}
            }
        }
    }
1
  • 1
    i really needed this thanx
    – jhamPac
    May 21 '15 at 20:16
7

Based on @Nicolas Manzini answer I have wrote a Swift 2.1 version with little improvements. I have added an extension to NSManagedObjectContext. Full code below:

import Foundation
import CoreData

extension NSManagedObjectContext
{
    func deleteAllData()
    {
        guard let persistentStore = persistentStoreCoordinator?.persistentStores.last else {
            return
        }

        guard let url = persistentStoreCoordinator?.URLForPersistentStore(persistentStore) else {
            return
        }

        performBlockAndWait { () -> Void in
            self.reset()
            do
            {
                try self.persistentStoreCoordinator?.removePersistentStore(persistentStore)
                try NSFileManager.defaultManager().removeItemAtURL(url)
                try self.persistentStoreCoordinator?.addPersistentStoreWithType(NSSQLiteStoreType, configuration: nil, URL: url, options: nil)
            }
            catch { /*dealing with errors up to the usage*/ }
        }
    }
}
2
  • Perfect, just what I needed. Thank you!
    – mattsven
    May 18 '16 at 22:18
  • This the answer everyone looking for, perfect !
    – dip
    Mar 23 '17 at 8:39
2

There is a function

enter image description here

According to WWDC 242, you can use it for clearing a database.

Also there is a func replacePersistentStore which is replacing the current database with a selected one.

1

You could loop through all objects and delete them by doing this:

[managedObjectContext deleteObject:someObject];

If you want to remove all objects it is probably fastest to delete the store and then recreate the CoreData stack.

1

Trash your data file and remake it.

2
  • Do these steps have more detail?
    – David
    May 2 '15 at 19:58
  • It crashes when a private context that existed before removing the file then tries to save...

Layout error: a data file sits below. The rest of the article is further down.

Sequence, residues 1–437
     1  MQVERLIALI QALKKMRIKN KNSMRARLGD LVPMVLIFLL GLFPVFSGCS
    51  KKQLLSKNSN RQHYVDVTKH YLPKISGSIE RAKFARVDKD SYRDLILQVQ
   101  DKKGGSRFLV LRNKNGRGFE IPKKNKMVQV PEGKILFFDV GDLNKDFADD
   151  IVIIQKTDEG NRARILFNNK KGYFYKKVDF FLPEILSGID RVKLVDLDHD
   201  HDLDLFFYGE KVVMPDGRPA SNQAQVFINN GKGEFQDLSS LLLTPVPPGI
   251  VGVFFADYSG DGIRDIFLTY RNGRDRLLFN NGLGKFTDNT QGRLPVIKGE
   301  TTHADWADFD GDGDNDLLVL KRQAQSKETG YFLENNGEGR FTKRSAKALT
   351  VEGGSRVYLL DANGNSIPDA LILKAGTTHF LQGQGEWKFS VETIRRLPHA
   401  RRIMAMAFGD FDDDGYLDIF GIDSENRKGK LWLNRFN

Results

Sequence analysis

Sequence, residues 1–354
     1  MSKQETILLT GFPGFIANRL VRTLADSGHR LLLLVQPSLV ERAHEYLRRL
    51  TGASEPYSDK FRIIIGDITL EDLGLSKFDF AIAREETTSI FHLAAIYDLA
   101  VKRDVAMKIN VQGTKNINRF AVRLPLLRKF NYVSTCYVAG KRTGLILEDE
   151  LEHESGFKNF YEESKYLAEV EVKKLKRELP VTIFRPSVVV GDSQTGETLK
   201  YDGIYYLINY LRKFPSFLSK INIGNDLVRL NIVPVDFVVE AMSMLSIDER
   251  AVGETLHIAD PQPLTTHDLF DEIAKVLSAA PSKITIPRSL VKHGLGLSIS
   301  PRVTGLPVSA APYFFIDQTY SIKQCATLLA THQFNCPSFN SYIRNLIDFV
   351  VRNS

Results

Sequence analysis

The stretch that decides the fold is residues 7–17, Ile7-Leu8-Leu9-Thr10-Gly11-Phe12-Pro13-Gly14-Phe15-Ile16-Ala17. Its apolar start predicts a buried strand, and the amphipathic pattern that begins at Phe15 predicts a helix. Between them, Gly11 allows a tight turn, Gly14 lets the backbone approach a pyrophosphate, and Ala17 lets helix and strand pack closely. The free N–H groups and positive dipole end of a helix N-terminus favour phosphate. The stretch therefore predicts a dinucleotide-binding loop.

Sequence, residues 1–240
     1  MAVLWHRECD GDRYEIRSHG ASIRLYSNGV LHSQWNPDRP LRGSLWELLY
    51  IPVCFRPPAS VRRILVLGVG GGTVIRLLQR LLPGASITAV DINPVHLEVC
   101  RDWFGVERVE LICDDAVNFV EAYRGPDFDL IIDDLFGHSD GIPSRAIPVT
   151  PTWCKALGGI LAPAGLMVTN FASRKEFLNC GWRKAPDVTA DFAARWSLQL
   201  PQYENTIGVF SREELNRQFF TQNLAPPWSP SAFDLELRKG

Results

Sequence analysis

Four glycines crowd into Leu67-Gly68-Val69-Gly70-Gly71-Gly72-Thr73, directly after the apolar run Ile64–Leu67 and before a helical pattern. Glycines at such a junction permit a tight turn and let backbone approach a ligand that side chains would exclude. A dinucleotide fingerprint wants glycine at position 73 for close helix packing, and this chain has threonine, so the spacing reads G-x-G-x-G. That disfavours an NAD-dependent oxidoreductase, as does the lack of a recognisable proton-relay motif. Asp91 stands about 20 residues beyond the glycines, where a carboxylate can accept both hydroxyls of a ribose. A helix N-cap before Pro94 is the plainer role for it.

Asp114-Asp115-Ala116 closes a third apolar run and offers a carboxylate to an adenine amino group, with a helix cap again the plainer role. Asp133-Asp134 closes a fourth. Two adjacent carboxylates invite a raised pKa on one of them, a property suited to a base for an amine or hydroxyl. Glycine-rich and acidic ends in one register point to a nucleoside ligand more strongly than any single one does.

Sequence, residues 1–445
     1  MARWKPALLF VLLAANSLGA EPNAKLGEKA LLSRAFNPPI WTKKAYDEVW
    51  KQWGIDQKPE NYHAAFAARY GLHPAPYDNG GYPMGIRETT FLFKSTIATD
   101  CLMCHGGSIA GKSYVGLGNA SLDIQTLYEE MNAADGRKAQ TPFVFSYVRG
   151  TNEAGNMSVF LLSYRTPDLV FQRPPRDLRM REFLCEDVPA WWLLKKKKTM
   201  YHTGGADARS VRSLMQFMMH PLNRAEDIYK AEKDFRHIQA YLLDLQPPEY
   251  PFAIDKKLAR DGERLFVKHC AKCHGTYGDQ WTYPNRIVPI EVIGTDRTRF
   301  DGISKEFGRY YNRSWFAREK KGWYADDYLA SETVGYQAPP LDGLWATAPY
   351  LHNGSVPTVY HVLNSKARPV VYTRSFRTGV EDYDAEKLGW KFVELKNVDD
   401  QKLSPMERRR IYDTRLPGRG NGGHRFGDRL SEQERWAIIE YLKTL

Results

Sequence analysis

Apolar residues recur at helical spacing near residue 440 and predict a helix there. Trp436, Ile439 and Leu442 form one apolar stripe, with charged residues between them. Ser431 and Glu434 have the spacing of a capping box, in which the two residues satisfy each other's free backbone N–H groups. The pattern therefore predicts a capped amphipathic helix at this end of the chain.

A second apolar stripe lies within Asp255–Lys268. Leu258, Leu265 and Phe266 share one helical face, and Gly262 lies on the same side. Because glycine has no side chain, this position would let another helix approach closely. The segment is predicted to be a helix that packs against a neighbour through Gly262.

– zumzum
    Aug 4 '15 at 22:24
1
import Foundation
import CoreData

extension NSManagedObjectContext
{
    func deleteAllData() {
        guard let persistentStore = persistentStoreCoordinator?.persistentStores.last else {
            return
        }

        guard let url = persistentStoreCoordinator?.url(for: persistentStore) else   {
            return
        }

        performAndWait { () -> Void in
            self.reset()
             do
            {
                try self.persistentStoreCoordinator?.remove(persistentStore)
                try FileManager.default.removeItem(at: url)
                try self.persistentStoreCoordinator?.addPersistentStore(ofType: NSSQLiteStoreType, configurationName: nil, at: url, options: nil)
             }
            catch { /*dealing with errors up to the usage*/ }
         }
    }
}

Thanks @Julian Krol - updated answer for Swift 5.1

-4

The fastest way to ditch everything is to send your managed object context the reset message.

2
  • Won't that just empty the context but leave my objects in the persistent store? Mar 4 '10 at 0:55
  • 8
    That is wrong. If you have objects in your persistent store these will get refetched with the next fetchRequest. All that reset does is to invalidate all references to managedObjects that the context currently holds. Mar 4 '10 at 9:46

Your Answer

By clicking “Post Your Answer”, you agree to our terms of service, privacy policy and cookie policy

Not the answer you're looking for? Browse other questions tagged or ask your own question.